Jay Farrar

Most articles about Jay Farrar lead with his history as an alt-country legend. Considering how sleepy his solo work has sounded since leaving Uncle Tupelo and Son Volt, though, the only remnants of his whiskey-fueled Americana are those press references. Until now, anyway, thanks to...Canyon? Yes, this out-of-nowhere alt-country five-piece served as the backing band for his 2003 tour, and the resulting live album, Stone, Steel & Bright Lights, should convince old Farrar fans to come running back.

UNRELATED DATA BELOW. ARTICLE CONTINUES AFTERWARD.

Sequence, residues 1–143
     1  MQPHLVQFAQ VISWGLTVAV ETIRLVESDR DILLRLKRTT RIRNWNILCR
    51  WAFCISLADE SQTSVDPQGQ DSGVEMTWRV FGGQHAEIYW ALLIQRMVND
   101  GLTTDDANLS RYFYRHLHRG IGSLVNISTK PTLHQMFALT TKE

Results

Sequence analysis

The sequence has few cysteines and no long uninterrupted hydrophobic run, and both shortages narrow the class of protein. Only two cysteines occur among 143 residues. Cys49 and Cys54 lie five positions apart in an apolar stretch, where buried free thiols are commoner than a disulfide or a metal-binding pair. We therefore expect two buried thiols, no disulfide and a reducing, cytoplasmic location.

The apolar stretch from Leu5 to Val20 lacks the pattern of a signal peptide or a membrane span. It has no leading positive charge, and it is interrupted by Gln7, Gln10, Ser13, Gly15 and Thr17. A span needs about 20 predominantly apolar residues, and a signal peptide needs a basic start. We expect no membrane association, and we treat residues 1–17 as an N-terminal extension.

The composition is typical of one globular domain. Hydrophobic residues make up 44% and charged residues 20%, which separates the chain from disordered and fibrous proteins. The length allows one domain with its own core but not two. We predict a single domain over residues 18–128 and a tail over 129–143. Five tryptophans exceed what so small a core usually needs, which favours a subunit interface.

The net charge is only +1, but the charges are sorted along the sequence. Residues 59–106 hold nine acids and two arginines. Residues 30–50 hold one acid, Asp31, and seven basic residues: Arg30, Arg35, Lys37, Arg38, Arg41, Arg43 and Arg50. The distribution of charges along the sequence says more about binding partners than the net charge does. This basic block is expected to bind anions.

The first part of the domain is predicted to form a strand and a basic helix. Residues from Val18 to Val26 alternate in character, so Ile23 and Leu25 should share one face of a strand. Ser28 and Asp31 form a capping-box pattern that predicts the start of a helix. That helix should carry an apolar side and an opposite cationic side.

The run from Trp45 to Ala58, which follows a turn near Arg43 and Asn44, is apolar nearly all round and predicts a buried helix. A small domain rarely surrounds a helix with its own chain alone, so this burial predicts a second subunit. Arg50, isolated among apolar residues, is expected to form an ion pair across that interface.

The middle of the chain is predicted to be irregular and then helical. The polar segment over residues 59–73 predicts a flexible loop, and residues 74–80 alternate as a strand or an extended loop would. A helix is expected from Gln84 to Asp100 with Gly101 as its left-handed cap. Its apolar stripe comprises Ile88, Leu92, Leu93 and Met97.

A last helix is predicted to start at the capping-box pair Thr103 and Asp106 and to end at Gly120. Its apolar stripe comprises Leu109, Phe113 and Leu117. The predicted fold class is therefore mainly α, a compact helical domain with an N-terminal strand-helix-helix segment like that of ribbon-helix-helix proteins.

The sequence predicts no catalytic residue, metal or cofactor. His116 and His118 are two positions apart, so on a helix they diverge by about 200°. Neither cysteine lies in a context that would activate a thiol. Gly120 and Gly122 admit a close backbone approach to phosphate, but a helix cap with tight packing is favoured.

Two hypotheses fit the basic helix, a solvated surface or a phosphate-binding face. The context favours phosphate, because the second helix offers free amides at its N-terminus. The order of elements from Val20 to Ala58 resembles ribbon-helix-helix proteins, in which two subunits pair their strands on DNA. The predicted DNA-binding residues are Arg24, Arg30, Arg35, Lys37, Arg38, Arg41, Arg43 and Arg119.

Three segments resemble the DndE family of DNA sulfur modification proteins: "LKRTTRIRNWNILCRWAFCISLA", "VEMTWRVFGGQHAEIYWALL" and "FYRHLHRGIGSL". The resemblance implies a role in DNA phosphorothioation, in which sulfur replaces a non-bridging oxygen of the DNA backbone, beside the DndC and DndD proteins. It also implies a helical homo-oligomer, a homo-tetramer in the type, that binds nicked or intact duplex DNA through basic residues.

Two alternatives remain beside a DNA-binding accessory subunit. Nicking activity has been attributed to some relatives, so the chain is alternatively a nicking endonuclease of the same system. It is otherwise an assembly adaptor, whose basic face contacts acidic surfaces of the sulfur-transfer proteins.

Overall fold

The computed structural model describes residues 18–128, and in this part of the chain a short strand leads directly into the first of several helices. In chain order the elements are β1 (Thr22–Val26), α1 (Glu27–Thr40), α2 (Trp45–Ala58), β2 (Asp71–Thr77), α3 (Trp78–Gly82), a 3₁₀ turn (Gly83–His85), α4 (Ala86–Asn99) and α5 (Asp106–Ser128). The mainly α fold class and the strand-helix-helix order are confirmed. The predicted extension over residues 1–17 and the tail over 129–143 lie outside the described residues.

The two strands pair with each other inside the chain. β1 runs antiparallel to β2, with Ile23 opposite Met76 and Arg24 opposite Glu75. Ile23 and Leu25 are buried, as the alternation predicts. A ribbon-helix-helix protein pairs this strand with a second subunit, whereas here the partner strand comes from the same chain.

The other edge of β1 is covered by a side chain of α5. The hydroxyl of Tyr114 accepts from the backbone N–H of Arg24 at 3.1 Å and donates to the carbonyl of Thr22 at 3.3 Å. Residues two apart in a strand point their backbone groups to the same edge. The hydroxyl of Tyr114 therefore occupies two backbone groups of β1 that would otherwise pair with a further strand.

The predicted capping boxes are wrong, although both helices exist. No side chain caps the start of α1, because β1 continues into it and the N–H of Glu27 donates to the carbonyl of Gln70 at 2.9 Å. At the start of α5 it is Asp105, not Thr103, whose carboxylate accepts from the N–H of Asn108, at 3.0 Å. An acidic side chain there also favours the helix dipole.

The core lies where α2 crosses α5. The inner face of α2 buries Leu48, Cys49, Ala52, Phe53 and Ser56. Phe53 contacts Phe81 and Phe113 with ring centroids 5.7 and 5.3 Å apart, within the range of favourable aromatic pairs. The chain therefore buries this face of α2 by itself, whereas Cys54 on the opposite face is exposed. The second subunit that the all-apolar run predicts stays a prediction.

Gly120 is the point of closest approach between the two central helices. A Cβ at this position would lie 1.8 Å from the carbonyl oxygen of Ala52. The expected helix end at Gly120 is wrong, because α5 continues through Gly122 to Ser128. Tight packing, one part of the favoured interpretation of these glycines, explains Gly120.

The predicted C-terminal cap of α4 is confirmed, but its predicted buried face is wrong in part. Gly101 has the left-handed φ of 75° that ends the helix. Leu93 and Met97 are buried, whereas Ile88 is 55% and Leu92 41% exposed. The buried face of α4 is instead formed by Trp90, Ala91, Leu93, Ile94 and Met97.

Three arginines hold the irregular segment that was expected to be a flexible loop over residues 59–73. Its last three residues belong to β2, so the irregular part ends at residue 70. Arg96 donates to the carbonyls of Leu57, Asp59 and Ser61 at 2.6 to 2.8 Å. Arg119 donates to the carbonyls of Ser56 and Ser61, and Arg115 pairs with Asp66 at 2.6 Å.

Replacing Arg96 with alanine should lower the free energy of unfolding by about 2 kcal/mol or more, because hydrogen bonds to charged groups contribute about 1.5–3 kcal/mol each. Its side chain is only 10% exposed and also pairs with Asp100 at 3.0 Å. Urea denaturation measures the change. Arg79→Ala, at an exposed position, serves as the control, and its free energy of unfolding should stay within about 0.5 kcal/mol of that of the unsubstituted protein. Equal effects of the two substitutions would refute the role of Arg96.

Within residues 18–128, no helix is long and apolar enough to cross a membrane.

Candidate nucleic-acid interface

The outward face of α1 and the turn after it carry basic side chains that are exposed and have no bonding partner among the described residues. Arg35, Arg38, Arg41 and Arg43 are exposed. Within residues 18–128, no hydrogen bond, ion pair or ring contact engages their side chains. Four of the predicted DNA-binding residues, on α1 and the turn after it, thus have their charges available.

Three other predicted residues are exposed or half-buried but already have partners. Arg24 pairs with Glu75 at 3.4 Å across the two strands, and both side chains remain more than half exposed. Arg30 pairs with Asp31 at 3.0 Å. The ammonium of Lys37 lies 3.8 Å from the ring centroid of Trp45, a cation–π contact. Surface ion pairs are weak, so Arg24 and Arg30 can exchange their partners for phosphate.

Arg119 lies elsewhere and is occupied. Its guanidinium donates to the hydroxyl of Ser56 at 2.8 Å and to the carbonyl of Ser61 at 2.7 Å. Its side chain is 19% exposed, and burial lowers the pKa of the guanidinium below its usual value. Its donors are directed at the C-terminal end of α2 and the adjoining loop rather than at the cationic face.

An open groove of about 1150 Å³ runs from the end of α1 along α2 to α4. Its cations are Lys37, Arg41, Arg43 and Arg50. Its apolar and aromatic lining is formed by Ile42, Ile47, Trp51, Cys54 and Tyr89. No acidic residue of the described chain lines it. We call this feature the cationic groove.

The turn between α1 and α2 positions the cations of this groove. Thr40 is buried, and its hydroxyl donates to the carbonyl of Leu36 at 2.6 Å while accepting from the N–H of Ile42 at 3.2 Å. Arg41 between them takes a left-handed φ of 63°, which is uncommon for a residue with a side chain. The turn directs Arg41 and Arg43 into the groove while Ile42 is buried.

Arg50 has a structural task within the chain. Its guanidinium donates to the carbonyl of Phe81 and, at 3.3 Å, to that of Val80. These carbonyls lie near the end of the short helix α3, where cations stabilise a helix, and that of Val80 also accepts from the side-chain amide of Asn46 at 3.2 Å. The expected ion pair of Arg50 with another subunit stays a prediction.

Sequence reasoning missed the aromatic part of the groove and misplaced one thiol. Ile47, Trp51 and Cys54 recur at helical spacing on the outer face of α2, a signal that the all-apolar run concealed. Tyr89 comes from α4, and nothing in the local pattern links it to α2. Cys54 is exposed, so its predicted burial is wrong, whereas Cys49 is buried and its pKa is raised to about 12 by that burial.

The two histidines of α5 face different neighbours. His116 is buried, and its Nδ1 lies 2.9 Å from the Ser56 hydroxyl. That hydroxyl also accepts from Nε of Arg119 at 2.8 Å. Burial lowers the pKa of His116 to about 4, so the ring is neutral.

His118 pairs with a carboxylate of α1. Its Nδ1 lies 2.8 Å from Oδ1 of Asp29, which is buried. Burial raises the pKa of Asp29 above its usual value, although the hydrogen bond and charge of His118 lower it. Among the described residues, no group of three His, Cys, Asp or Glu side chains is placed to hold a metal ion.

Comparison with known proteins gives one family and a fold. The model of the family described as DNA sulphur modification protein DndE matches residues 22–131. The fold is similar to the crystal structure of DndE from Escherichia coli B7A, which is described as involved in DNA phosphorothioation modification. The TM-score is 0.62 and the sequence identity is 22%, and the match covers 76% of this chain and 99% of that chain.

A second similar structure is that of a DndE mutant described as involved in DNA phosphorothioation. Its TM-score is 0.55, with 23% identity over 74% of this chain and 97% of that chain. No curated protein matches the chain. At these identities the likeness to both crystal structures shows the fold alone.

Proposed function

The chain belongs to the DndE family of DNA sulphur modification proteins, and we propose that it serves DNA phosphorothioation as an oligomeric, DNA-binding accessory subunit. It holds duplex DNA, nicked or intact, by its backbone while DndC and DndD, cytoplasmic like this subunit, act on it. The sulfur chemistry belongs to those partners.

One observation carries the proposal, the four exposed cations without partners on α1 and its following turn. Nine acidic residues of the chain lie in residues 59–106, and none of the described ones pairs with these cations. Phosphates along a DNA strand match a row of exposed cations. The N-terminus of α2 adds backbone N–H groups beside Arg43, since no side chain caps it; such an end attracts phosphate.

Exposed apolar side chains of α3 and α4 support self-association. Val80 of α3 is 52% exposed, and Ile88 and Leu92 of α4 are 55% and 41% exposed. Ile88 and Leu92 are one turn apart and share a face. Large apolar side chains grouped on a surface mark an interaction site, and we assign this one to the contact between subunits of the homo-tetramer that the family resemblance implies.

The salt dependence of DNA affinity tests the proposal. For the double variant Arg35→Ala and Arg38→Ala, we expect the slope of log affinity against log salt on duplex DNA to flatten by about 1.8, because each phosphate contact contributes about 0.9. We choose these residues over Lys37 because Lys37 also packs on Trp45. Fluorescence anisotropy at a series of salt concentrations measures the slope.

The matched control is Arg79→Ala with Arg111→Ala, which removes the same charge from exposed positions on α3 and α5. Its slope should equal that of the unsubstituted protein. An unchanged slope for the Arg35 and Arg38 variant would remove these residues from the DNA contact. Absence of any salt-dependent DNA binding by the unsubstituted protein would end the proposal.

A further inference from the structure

Stone leads deceptively with three soft songs, two of which are new tracks complete with clumsy protest swipes like "Oil powers the economy/Tax breaks for the Humvee." The album finally opens up on fourth track "Feel Free" with Canyon's layered guitars, lively drums and sweeping synthesizers. "Damn Shame" delivers a poppy kick only hinted at on ThirdShiftGrottoSlack, and "Clear Day Thunder" has grown so much someone should test for steroids. Even when songs like "Cahokian" and "Heart on the Ground" slow the set down, Canyon throws new instruments into the mix and tops the string-riddled LP versions. Canyon's support on Stone not only gives Farrar's solo material new life, but it also turns his solo career's best-of album into a better-than-ever album.


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